Complimentary Not Equality

Be patient with me. Everything I have written so far is leading up to what everyone wants to know about human relationships. Mother and son, mother and daughter, father and son, father and daughter all the way through all the different relationships up to the last two which are the most important: husband and wife (or call it long term partners if you like) and the relationship with ourselves.

The starting point is that men and women are complementary to each other. To say that they are equal, is a misuse of the word.

Equal payments for doing the same kind of work? Yes equal. Women and men are different in their physical construction, and therefore there are some jobs that men can do better than women and some can be done better by women. These are the main differences but there many more. As the man in the French parliament said, “Vive la Difference!” If I could be a man for one day I am sure I would learn more about what it is to be a man than a lifetime’s observation. Two phrases we hear repeatedly are “I wish I could understand women” and “I wish I could understand men.” Ask any mother who has had babies of both sexes, myself included. It’s the difference that makes us interesting and, of course, the

something that cannot be done by one person. Despite the development of science, it still takes a sperm to fertilize an egg.

Back to good and bad. I’ve decided to keep these words because they are laden with emotions. After all we are not robots. First and foremost, we all have different ideas about what is good and what is evil. I am not in favour of organised religions because they, more than any other groups cause dissents about the meaning of the words that end up in wars, torture and many other evil things. My friend Jerry Planus, who is now dead after living into his late eighties, bless him, was brought up by nuns in an orphanage. He was an excellent writer and honoured me by sending me details of his early life “Cos you are an intelligent woman” by which he meant the nuns were most certainly not. I would love to publish it because it is very enlightening and fascinating. But I cannot, because it is his and I do not know if there is anyone in his very small family still alive. What he learned from his early experiences was to be an atheist and that he must trust himself and no-one else in his life decisions.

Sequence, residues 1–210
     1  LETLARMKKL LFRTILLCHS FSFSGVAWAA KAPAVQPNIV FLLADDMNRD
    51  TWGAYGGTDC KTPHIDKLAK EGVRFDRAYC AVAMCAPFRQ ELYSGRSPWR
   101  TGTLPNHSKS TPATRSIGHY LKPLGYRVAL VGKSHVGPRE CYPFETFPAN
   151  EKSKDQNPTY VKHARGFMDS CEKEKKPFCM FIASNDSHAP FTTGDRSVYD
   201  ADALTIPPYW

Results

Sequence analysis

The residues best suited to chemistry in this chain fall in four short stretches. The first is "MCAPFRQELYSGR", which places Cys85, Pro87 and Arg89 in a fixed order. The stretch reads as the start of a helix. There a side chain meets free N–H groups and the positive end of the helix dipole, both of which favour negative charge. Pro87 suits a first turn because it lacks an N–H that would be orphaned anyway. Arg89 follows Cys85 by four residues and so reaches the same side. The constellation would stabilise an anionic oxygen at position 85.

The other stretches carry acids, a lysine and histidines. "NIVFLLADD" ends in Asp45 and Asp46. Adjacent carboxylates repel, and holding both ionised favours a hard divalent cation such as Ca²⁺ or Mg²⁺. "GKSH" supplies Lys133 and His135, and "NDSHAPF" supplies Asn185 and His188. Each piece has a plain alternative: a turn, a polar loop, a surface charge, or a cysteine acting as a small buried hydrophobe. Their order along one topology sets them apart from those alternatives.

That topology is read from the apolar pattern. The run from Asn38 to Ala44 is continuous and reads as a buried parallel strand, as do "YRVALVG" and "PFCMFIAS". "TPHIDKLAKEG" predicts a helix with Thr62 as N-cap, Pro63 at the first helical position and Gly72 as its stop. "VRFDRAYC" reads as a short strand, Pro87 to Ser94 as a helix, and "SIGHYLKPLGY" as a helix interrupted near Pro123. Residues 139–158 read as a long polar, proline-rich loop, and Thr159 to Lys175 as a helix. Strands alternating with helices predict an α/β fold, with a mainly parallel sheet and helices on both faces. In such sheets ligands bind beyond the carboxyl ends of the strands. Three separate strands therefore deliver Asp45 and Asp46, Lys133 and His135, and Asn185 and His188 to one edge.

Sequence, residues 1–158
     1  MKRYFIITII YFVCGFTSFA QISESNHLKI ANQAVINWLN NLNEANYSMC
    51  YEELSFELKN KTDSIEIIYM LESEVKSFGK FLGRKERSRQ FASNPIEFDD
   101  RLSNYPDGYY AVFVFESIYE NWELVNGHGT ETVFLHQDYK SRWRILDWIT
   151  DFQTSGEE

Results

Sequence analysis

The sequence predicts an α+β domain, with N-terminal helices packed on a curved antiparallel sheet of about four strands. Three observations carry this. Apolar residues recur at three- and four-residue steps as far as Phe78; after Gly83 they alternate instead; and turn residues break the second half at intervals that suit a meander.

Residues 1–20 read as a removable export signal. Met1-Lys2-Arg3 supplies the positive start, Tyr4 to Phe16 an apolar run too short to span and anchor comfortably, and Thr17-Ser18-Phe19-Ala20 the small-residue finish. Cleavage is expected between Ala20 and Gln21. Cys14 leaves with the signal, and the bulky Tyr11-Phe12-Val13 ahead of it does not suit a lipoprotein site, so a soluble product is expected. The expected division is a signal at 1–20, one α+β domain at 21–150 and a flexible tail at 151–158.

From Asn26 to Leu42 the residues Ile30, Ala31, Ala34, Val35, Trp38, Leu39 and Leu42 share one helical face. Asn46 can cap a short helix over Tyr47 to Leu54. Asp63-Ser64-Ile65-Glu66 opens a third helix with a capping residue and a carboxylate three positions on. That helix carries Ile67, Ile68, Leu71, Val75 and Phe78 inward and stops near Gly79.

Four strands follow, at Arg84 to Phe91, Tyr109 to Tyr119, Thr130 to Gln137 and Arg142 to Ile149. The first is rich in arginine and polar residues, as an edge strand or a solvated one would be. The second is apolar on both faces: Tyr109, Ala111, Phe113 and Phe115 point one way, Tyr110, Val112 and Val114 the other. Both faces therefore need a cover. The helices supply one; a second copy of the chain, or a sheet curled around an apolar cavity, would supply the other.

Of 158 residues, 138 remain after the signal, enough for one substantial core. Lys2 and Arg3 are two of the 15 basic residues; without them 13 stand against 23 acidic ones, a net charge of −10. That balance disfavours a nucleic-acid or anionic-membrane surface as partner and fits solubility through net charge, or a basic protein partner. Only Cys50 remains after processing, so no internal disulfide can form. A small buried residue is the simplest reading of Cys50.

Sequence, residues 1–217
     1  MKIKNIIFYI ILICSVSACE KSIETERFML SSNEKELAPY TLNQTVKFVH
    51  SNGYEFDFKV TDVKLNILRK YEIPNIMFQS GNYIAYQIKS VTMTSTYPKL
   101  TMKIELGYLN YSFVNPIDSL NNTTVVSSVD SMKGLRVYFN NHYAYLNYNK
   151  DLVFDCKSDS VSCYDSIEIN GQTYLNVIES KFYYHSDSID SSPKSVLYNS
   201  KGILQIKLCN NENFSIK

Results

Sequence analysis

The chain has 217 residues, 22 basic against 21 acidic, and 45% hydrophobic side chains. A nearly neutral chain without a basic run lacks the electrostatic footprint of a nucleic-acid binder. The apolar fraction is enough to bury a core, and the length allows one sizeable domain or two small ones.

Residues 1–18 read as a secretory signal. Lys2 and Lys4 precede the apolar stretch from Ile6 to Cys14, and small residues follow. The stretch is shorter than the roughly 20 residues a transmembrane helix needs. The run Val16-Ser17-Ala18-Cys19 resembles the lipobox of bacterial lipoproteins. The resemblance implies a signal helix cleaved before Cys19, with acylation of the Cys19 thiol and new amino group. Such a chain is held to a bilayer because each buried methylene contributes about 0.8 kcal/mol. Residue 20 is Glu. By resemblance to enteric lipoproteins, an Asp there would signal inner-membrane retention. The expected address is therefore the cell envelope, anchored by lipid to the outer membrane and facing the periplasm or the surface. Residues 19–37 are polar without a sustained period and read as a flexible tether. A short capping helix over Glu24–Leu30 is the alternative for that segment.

I know several stories about Jerry, but here is the one I like best. When he was fifteen years old he was sent to train to be a soldier. Despite the disgusting way he was treated by the nuns he enjoyed the new life he made for himself. When he had completed his time in the army he first cured himself of a long-standing stutter so that he would be able to be a travelling salesman and then to be a dealer in antique clocks.

He was in the army when he went to France with the infantry; part of the freeing of Europe in the Second World War. He was a big strong man and didn’t understand the meaning of fear. He got rid of that in his own way from his early experiences.

After some time had passed and he was getting tired of the slow movement forward in France and all the things he had to put up with, he found himself one day separated from his mates. Shells were dropping all the time. He looked for a safe spot to hide in. He soon came across a big crater caused by a shell. He ran and threw himself into the bottom and breathed a sight of relief.

There, shrivelled up in a corner, he spotted a very small man. His whole body was shaking with fear. He could hardly speak. Jerry stared at him, looked down at his own body and found he was quite still and relaxed. A strong feeling of anger burst out of him and he tried to learn to shake with fear himself but he found it was quite impossible.

He then turned his rage on this poor little soldier. He lifted him off his feet and shook him as hard as he could. “You blighter!! Stop shaking!” This had no effect on the little man. Jerry threw him to the ground and said “I wish I could shake like you but I can’t however hard I try. You are so lucky because you will soon be home again, but I’ve got to put up with all this to the end.” What a remarkable man!

This entry was posted in Equality and tagged . Bookmark the permalink.